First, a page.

Legal experts are skeptical The Weinstein Co. could have been unaware given the volume of allegations.

"Given all the information that's coming out now, I would find it highly implausible that the board was not aware," said Angela Reddock-Wright, an attorney specializing in employment and labor law who has represented businesses in harassment suits. "There are just too many allegations here. Unless there were settlements paid out by Weinstein from his own personal money, settlements over a certain dollar value would have presumably been approved by the board of directors."

Veteran employment attorney Ann Fromholz said that given Weinstein's position at the company, The Weinstein Co. would be liable over sexual harassment claims even if they weren't aware. Between the potential lawsuits and the likely loss of business, Fromholz considers it unlikely The Weinstein Co. will survive under any name.

Representatives for both companies didn't respond to questions.

On Tuesday, Michael Eisner, who was Disney's chief executive during Harvey Weinstein's tenure at Miramax, said he "had no idea he was capable of these horrible actions." Disney purchased Miramax in 1993; the Weinstein brothers departed in 2005 to create the Weinstein Co.

"Fired (the) Weinsteins because they were irresponsible, and Harvey was an incorrigible bully," said Eisner on Twitter.

Disney's current chief, Bob Iger, also responded in a statement: "Harvey Weinstein's reported behavior is abhorrent and unacceptable, and it has no place in our society," said Iger.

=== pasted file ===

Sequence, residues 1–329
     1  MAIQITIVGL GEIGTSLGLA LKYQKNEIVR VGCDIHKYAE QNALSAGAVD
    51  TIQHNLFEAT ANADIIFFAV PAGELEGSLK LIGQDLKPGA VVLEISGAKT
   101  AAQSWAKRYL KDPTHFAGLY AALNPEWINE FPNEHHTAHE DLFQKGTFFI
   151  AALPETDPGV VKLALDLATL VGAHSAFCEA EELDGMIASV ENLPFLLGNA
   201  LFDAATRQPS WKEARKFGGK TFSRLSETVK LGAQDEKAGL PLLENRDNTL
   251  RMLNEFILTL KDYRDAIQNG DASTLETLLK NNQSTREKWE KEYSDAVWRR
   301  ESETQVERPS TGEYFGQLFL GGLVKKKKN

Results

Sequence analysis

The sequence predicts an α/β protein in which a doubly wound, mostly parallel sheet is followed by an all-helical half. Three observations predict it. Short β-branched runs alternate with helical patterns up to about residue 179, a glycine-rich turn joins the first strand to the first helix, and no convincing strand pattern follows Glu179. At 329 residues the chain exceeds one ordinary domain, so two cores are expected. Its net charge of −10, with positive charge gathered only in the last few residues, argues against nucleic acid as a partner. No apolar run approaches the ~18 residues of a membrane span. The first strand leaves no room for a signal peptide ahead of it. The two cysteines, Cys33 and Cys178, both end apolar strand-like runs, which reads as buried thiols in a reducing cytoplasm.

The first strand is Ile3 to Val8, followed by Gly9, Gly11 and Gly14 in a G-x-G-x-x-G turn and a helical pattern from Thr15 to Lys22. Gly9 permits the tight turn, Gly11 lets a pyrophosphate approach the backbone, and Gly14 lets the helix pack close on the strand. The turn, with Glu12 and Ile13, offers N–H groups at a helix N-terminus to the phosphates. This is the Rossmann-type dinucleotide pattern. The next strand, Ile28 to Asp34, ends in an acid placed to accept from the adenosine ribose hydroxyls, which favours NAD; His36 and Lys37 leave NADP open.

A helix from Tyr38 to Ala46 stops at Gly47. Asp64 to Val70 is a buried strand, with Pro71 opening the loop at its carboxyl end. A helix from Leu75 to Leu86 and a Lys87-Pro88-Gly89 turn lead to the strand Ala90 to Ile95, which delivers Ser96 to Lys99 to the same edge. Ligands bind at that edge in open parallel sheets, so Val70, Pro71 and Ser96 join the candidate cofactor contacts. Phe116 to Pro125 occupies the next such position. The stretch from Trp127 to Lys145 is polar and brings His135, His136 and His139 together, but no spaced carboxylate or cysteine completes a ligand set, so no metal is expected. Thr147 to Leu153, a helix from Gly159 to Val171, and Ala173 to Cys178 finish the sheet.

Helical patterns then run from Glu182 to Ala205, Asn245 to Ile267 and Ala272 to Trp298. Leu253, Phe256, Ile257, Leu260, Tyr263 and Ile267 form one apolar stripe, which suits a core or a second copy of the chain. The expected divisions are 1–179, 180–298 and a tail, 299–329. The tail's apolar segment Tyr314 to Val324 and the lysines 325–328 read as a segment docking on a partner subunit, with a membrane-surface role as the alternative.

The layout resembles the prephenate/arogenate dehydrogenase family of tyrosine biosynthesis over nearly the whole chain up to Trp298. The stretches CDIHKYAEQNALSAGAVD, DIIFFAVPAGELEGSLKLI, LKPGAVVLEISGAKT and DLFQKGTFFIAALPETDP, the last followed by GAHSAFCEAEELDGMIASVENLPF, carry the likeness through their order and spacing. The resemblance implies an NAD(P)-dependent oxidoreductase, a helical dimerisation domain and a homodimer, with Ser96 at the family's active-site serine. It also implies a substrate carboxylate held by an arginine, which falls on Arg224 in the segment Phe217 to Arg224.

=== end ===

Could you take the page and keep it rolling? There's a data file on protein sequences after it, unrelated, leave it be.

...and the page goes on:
Three women accused Weinstein of raping them, The New Yorker reported Tuesday, including the Italian actress and filmmaker Asia Argento and a woman, Lucia Evans, who was an aspiring actress in college when he allegedly sexually assaulted her at Miramax's Manhattan offices in 2004. The magazine also cited a third, unnamed accuser. A growing number of actresses, including Gwyneth Paltrow and Rosanna Arquette, have also made allegations of sexual harassment.

"Any allegations of non-consensual contact are unequivocally denied by Mr. Weinstein," Weinstein representative Sallie Hofmeister said Wednesday. "Mr. Weinstein is taking the time to focus on his family, on getting counseling and rebuilding his life. These are his top priorities."

More women continue to come forward. On Wednesday, both French actress Lea Seydoux and model and actress Cara Delevingne said they had been sexually harassed by Weinstein.

"We were talking on the sofa when he suddenly jumped on me and tried to kiss me," Seydoux wrote for the Guardian. "I had to defend myself. He's big and fat, so I had to be forceful to resist him. I left his room, thoroughly disgusted. I wasn't afraid of him, though. Because I knew what kind of man he was all along.

"Everyone could see what he was doing," Seydoux continued, saying she had witnessed other incidents.

"That's the most disgusting thing," wrote Seydoux. "Everyone knew what Harvey was up to and no one did anything. It's unbelievable that he's been able to act like this for decades and still keep his career. That's only possible because he has a huge amount of power."

___

AP Film Writer Lindsey Bahr contributed to this report from Los Angeles.